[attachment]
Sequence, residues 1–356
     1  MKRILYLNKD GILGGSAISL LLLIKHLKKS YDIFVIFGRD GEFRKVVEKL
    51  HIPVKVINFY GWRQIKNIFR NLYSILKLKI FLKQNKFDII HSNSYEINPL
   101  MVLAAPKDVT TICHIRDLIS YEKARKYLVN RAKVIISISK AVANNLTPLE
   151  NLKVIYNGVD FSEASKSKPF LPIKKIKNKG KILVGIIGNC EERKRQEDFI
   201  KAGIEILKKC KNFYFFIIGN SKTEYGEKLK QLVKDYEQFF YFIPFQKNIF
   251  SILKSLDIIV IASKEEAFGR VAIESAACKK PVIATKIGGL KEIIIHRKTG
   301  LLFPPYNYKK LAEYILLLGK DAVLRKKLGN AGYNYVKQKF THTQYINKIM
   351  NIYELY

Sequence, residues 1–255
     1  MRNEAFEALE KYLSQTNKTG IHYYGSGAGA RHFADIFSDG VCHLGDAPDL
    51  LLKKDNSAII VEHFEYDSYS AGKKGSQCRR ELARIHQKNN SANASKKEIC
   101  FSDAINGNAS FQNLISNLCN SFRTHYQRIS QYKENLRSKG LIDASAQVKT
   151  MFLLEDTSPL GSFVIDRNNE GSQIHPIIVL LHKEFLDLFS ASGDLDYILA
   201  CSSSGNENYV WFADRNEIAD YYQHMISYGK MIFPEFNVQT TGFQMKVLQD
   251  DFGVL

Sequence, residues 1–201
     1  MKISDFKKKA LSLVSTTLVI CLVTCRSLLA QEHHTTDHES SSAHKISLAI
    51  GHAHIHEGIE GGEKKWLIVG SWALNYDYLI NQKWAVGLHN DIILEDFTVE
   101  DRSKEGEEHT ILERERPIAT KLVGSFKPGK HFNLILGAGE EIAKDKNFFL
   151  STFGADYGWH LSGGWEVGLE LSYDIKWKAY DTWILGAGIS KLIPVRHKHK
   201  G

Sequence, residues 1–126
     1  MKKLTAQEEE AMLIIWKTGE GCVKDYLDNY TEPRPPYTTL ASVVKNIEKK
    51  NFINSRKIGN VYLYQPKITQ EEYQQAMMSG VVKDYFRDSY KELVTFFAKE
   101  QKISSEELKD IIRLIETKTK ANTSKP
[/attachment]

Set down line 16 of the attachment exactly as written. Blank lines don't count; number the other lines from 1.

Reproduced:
   251  DFGVL